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January 6, 2003


The opinion of the court was delivered by: Leonard B. Sand, United States District Judge


This application for attorney's fees follows over a quarter century of efforts to obtain social security disability benefits on behalf of Leslie Edwards ("Edwards" or "Plaintiff"), a significant portion of which postdates the death of Mr. Edwards himself.*fn1 Although Edwards did eventually obtain a portion of the benefits he sought, the Court denies the fee application.

I. Background

The Court refers those seeking greater familiarity with the factual and procedural history of Edwards's benefit applications to the Report and Recommendation of Magistrate Judge Pitman, adopted in part on August 8, 2002. Nonetheless, because the Report and Recommendation was not published, and in view of the tortured history of this case (or, perhaps more appropriately, these cases), a summary of this history is set forth here.

Leslie Edwards applied for disability benefits on December 27, 1977, claiming that he had been disabled since December 31, 1976. His claim was denied both initially and at the reconsideration stage, and he did not seek further review before an Administrative Law Judge ("ALJ"). Over ten years later, on December 12, 1988, Edwards filed a second benefit application on the basis of the same disability. Again the claim was denied, and although Edwards pursued the decision at the ALJ and Appeals Council stages, he failed to win any benefits. Sometime in early 1991, Edwards retained attorney Carol Goldstein to pursue his claim in this Court under 42 U.S.C. § 405(g). Before the Social Security Administration ("SSA") answered the complaint, however, the parties jointly stipulated to a remand.*fn2 In a "Stipulation and Order of Remand" signed by both parties and filed on June 4, 1991, this Court ordered:

It is hereby stipulated and agreed, by and between the attorneys for the defendant and the plaintiff, that this action be and hereby is remanded to the [SSA] pursuant to 42 U.S.C. § 405(g), for further administrative proceedings.

In an "Order of Discontinuance" filed the next day, the Court further ordered:

The Court having endorsed a stipulation by the parties remanding this matter to the [SSA], the case is hereby closed in this Court, without prejudice to reopening following completion of the administrative proceedings. If such reopening is required, all filing fees are waived.

The Court did not specify any particular source of authority for its remand other than "§ 405(g)."

Several critical and overlapping events followed. First, on September 1, 1991, Edwards retained a new attorney, Irwin Portnoy. Second, on remand the SSA again denied Edwards any benefits; the Appeals Council denied review on July 14, 1994. Third, on January 2, 1993, Leslie Edwards died. Fourth, on March 8, 1993, Edwards received a letter from the SSA informing him that he might be entitled to benefits as a member of the class covered by the settlement in Stieberger v. Sullivan, 801 F. Supp. 1079 (S.D.N.Y. 1992) (Sand, J.), and Portnoy returned the attached notice requesting Stieberger review on Edwards's behalf.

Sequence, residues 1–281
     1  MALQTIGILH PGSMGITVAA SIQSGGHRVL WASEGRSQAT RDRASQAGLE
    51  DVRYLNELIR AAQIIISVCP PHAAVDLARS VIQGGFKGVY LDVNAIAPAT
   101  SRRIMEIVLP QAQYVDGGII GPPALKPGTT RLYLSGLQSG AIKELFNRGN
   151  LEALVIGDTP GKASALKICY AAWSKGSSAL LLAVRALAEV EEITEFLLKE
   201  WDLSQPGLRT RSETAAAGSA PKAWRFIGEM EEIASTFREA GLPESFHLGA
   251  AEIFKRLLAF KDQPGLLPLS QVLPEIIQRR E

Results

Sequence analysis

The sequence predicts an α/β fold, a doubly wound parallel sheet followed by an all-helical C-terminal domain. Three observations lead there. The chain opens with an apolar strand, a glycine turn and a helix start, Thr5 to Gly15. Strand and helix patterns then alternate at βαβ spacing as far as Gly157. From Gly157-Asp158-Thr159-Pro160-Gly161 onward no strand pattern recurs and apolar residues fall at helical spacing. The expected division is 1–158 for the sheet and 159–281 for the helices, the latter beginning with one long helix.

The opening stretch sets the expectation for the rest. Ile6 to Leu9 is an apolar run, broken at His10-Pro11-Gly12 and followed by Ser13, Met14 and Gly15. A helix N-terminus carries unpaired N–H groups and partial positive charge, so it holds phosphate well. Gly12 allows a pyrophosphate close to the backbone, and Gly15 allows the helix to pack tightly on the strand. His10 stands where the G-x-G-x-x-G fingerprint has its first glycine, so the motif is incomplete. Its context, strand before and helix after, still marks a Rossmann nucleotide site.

Edwards's case resumed its unusual path through administrative adjudication as two subsequent ALJ determinations that he was not entitled to benefits were vacated by the Appeals Council (once in 1997 because the ALJ had not sufficiently considered certain evidence, and once in 1998 because the audiotape of the hearing was inaudible). Before a third scheduled hearing could take place, Edwards received notice on May 24, 1999, that his application for benefits had been reconsidered under Stieberger, and that he would receive benefits covering the period from December 1987 through January 1993. Because these benefits were the maximum allowable under the 1988 application (commencing one year before the filing of the application and terminating with Edwards's death), the SSA canceled the pending hearing and determined that no further review was necessary. Adopting in large part the Report and Recommendation of Magistrate Judge Pitman, this Court rejected Edwards's subsequent motion to reopen the case.*fn3 On June 11, 1999, Goldstein filed a fee application on her own behalf which the SSA settled for $1250. Portnoy filed the instant fee application on September 6, 2002.*fn4

II. The Equal Access to Justice Act

The Equal Access to Justice Act ("EAJA") provides in pertinent part that:

[A] court shall award to a prevailing party other than the United States fees and other expenses . . . incurred by that party in any civil action . . . brought by or against the United States . . ., unless the court finds that the position of the United States was substantially justified or that ...

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